The U.S.´s secret tools to force Internet Connectivity

By Spencer Ackerman
February 7, 2011

When Hosni Mubarak shut down Egypt’s internet and cellphone communications, it seemed that all U.S. officials could do was ask him politely to change his mind. But the American military does have a second set of options, if it ever wants to force connectivity on a country against its ruler’s wishes.

Cargo planes like the C-130J are adapted to become a command center.

There’s just one wrinkle. “It could be considered an act of war,” says John Arquilla, a leading military futurist.

The U.S. military has no shortage of devices — many of them classified — that could restore connectivity to a restive populace cut off from the outside world by its rulers. It’s an attractive option for policymakers who want an option for future Egypts, between doing nothing and sending in the Marines. And it might give teeth to the Obama administration’s demand that foreign governments consider internet access an inviolable human right.

Read about U.S. psychological operations (psy-ops) in Iraq

Arquilla, a professor at the Naval Postgraduate School, spent years urging the military to logic-bomb adversary websites, disrupt hostile online presences, and even cause communications blackouts to separate warring factions before they go nuclear. What the military can turn off, he says, it can also turn on — or at least fill dead airspace.

Consider the Commando Solo, the Air Force’s airborne broadcasting center. A revamped cargo plane, the Commando Solo beams out psychological operations in AM and FM for radio, and UHF and VHF for TV. Arquilla doesn’t want to go into detail how the classified plane could get a denied internet up and running again, but if it flies over a bandwidth-denied area, suddenly your Wi-Fi bars will go back up to full strength.

“We have both satellite- and nonsatellite-based assets that can come in and provide access points to get people back online,” Arquilla says. “Some of it is done from ships. You could have a cyber version of pirate radio.”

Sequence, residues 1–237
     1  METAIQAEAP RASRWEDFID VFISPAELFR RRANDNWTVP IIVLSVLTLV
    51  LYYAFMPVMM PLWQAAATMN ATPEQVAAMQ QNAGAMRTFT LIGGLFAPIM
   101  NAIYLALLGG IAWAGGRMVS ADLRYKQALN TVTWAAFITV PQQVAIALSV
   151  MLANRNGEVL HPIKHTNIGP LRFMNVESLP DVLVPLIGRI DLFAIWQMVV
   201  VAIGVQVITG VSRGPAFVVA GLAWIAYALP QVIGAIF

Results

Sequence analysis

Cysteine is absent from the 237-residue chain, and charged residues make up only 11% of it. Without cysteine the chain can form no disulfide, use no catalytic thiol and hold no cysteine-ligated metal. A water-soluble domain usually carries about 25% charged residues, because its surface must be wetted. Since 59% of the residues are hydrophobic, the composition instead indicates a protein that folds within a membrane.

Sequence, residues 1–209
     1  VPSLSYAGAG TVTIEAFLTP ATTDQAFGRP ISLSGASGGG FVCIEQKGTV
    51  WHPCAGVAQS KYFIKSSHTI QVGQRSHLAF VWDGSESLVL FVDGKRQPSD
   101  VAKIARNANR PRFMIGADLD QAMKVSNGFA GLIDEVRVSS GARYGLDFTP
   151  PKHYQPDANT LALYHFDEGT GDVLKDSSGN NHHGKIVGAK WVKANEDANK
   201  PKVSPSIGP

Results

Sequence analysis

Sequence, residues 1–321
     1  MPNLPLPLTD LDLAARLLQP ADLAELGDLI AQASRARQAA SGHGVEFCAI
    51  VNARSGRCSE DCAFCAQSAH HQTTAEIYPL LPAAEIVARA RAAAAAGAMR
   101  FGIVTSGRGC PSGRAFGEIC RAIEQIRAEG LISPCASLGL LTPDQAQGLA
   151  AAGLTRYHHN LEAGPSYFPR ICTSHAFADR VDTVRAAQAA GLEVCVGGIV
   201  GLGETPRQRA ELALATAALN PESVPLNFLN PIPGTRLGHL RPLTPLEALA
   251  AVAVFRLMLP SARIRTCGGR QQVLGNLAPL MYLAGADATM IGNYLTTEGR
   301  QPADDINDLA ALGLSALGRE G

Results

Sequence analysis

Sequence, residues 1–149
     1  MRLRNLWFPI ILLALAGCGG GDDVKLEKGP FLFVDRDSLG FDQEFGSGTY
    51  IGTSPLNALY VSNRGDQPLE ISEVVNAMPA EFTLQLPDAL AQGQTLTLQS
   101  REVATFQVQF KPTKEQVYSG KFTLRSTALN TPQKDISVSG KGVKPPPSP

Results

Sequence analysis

Then there are cell towers in the sky. The military already uses its aircraft as communications relays in places like Afghanistan. Some companies are figuring out upgrades: FastCom, an effort led by the defense firm Textron, is a project that hooks up cellular pods to the belly of a drone, the better to keep cellular and data connections in the air without pilot fatigue. Underneath the drones, a radius of a few kilometers on the ground would have 3G coverage.

Sharon Corona, a spokeswoman for the project, says that there’s an obstacle to using a technology like FastCom for an Egypt-like situation: The recipient devices need to be able to talk with the cell and data signal. But compliant phones or netbooks — small and lightweight — could conceivably be smuggled into a denied area.

Alternatively, operatives could smuggle small satellite dishes into a country. Small dishes were crucial to getting the internet back running in Haiti after last year’s earthquake. It’s how cameramen in war zones rapidly transmit high quality video from the middle of nowhere.

An image of the interior of a modified C-130J cargo plane simply identified as a Commando Solo aircraft.

Of course, slow-flying drones or a broadcasting center in the sky have an inherent weakness: They’re sitting ducks for any half-decent air defense system. (And did we mention that Hosni Mubarak became a national hero for his air defense prowess in the 1973 war against Israel?)

That leads to another possibility: “Just give people Thuraya satellite phones,” says John Pike of The cheapish phones hunt down signals from space hardware.

Even expanding access to the military’s own satellite communications networks is theoretically possible, Arquilla says. But he won’t say more than that: “Let’s just say that’s an area decided at the level of the commander-in-chief.”

In the absence of those options, there’s always the old-school methods of jamming a government’s communication frequencies and broadcasting favorable messages. That’s the Commando Solo’s specialty. “Jamming is something we think about in the context of shooting wars,” says Arquilla, but “it may have its place in social revolutions as well.”

The trouble is, if a government follows Egypt’s lead and turns off the internet, it’s not going to be keen to see a meddling foreign power turn it back on.

That act might not be as provocative as sending in ground troops or dropping bombs. But it’s still an act of what you might call forced online entry — by definition, a hostile one.

In situations like Egypt, siding with an uprising against a longtime ally is a difficult choice, whether analog or digital.

That might be why the military hasn’t done it. Asked about whether the Pentagon would consider deploying mobile connectivity to restore internet access for a social uprising, all a senior official would say is that such a situation was “hypothetical.”

And all that underscores how Egypt’s internet shutoff pushed the poorly defined limits of cyber hostilities. Foreign actors don’t really have a blueprint for responding. The U.S. military “has a great deal of expertise on rebuilding communications network, but that’s … very different when the government is interested in resisting,” Arquilla says. “This is far less an engineering problem and far more a political one.”